I hold on to my grandfather’s elbow as he walks up the stairs — one at a time, pausing every third or fourth step to catch his breath. The staircase is equipped with one of those electric chairs that will carry you upstairs at about a tenth of a mile an hour, but my grandfather would never sit in that thing, even though his legs have become thin and brittle. I spend my days climbing aluminum ladders with two bundles of roofing shingles on my back; I could probably pick him up and carry him the rest of the way, but you should never carry a man who spent six decades building houses. It’s better for him to get there on his own, even at 94.
My grandfather was born when the 20th century was only seven months old, and I, his only grandson, was born the day before his 69th birthday. Before he could walk, his parents loaded him and his nine siblings on a steam boat, trading their village in the Alps for the promises of the New World. We always celebrated our birthdays together with strawberry shortcake to cool off the July heat. My grandfather was a quiet man, with simple tastes — a product of his practical, Swiss heritage, and the survival instincts of the Depression.
We reach the top of the stairs and I guide him to the right, down a carpeted hallway. When we get to his room, I open the door. He stands at the entrance for a long moment.
“Is this my room?” he asks, his head cocked slightly to the side, brow furrowed into an uncertain crease.
“Yes grandpa, this is your room. See, there are your things on the bureau.” From the doorway, I can see a can of shaving cream, a hair brush, loose change, and a couple of photographs stuck into the sides of the mirror. He takes a few cautious steps into the room and looks around, searching for anything familiar, but the images don’t seem to register — as if they have slipped through the faults in his memory. He walks toward the window and stares out thorough the frosted panes. Below there are lighted sidewalks, lined with Douglas firs, already decorated with red bows for Christmas. He turns toward me slowly, still searching for solid ground.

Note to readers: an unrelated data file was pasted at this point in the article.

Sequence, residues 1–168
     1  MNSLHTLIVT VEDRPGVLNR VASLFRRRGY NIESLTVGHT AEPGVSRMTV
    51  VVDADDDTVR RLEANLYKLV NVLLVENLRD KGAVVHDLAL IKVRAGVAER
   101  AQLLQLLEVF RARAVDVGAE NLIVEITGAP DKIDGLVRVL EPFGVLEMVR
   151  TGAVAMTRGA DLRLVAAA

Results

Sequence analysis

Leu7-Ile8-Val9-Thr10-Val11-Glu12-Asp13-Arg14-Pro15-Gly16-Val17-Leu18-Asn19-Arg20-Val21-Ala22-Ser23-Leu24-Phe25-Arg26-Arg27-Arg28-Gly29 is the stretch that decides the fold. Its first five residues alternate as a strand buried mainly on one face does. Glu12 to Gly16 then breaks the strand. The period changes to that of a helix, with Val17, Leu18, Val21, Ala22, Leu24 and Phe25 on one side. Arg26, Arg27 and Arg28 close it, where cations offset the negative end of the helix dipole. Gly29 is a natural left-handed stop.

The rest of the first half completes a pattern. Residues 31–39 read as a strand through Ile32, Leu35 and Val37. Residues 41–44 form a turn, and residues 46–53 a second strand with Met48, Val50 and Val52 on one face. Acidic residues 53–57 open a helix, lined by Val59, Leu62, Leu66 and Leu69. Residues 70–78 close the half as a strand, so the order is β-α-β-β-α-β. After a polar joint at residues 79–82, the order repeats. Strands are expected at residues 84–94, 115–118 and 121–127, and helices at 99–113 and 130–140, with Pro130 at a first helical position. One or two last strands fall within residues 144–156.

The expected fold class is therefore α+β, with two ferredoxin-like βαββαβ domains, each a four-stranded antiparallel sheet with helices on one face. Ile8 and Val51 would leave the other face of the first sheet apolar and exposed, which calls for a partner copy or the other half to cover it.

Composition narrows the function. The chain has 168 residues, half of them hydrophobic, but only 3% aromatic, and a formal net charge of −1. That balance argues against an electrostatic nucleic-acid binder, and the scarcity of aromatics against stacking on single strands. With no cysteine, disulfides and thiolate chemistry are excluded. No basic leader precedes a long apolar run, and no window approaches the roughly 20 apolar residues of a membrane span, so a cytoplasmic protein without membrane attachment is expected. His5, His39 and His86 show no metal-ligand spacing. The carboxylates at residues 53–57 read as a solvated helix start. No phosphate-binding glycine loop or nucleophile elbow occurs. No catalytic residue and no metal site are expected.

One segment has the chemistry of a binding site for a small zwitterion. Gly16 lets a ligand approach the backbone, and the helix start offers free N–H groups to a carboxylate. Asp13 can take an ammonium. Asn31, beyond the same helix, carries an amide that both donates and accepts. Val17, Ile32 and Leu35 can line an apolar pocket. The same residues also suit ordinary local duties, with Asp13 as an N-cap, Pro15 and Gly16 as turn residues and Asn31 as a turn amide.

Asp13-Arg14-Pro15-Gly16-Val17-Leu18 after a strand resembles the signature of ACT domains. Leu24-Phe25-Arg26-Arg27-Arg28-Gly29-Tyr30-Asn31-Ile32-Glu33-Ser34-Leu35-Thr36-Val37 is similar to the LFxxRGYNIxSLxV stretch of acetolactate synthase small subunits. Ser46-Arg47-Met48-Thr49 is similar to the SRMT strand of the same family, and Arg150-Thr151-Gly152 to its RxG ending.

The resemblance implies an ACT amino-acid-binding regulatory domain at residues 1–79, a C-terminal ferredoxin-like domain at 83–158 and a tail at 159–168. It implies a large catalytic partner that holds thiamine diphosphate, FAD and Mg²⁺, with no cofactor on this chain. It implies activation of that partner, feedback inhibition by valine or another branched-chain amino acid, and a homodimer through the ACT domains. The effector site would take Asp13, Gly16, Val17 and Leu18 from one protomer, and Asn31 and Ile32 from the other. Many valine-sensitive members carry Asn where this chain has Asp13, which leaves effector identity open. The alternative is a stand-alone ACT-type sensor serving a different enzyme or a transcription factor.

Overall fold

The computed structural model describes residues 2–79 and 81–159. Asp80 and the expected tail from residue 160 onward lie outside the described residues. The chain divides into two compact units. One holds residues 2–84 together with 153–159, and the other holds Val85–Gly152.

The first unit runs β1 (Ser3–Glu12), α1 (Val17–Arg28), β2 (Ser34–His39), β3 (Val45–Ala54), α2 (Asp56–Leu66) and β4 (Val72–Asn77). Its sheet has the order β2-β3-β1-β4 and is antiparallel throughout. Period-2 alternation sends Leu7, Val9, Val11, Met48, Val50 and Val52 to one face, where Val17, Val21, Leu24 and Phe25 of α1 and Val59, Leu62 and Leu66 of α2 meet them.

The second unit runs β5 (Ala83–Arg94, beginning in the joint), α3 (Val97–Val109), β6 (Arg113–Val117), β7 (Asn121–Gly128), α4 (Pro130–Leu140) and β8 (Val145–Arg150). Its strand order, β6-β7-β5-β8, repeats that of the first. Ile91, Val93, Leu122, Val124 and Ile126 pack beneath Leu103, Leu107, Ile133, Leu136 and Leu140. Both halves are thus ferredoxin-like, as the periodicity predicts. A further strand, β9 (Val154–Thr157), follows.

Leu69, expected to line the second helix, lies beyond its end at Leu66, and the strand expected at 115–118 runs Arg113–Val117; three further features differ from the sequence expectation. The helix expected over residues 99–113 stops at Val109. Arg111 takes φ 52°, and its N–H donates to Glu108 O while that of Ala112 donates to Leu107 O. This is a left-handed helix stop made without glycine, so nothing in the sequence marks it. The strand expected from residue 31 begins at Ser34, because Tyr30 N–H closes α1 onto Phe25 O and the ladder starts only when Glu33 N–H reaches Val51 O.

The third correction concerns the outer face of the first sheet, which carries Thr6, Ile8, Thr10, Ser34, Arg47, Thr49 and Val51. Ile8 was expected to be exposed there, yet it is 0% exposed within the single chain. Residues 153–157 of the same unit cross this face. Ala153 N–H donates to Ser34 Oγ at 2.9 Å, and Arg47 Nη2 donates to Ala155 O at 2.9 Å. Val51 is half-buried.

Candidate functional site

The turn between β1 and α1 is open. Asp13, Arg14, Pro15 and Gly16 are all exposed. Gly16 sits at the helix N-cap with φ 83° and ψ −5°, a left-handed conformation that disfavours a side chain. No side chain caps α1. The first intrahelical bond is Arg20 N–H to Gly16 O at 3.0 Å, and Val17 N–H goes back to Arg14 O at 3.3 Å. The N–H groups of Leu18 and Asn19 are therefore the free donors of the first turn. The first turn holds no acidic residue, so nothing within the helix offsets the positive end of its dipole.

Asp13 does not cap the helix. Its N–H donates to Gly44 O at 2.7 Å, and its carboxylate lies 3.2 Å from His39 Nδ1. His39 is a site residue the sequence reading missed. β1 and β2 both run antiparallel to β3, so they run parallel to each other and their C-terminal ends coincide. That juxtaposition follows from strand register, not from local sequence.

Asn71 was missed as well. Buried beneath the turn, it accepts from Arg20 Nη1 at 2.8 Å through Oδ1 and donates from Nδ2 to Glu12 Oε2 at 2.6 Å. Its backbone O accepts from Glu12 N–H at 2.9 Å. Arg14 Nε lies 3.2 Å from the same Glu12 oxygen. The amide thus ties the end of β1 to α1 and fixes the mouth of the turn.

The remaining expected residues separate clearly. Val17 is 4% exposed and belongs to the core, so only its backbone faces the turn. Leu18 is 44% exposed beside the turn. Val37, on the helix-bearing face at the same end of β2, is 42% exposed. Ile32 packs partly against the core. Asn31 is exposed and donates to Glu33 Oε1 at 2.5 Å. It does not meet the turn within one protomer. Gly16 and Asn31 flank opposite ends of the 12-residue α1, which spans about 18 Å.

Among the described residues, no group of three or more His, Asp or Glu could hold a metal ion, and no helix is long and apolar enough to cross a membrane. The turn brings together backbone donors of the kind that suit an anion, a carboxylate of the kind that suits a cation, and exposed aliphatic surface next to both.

“Is that the Manchester green down there?”
“No Grandpa, this is Madison, remember? That’s the Madison town square.”
“Madison? We’re not in Manchester? How can that be?”
“Grandpa, remember, Dad brought you down here last week so you could be closer. You’ll be staying in this house for a while, but I’ll be coming by to visit.”
Madison. I am back in this fishbowl town on the Connecticut shore grudgingly, mostly for him. It has not been easy to fit back into this stagnant town, after seven years of perpetual motion. The first few were spent with my tools and old Toyota pick-up, roaming the Eastern seaboard: Fixing roofs, hanging doors, and generally employing all of the skills I had learned from my grandfather. I finally landed in a feverish university life in Virginia, where I spent two and a half years devouring literature, of all shapes and flavors, and trying my own hand capturing the world in words — until I tired of critiques, and literary attitudes, and decided that what I really needed was to try my hand at changing the world. From Virginia, I ventured into of Central America on a volunteer tour and left the humid tropics with my eyes open and my heart ripped to shreds.
Coming back to this place has been like trying to put on the brown, corduroy jacket that I wore in the eighth grade. The style and color are long outdated. The shoulders are tight, and the sleeves come half way up my forearm. It doesn’t fit. I don’t fit. But I have been away for a long while, and I know my grandfather’s health is declining. I know that he will need company on this last leg of the journey.
A few summers earlier, I came up from Virginia to paint his house. He climbed ladders, did maintenance on the home he built with his own hands until he was 80 or so. But at 90, his legs wouldn’t carry him upwards. He fixed us sandwiches for lunch each day and we would eat together on the screened porch where my sisters and I had spent hours playing the ring toss game that he made for us, which was still nailed to the wall. It consisted of a small square of plywood, painted white, with three rows of small hooks, screwed in at equal distances. Beneath each hook the number of points was painted in black. The rings were old canning jar seals. We would talk about building, family, and baseball over our sandwiches, and I’d always throw one round of rings before heading back to work.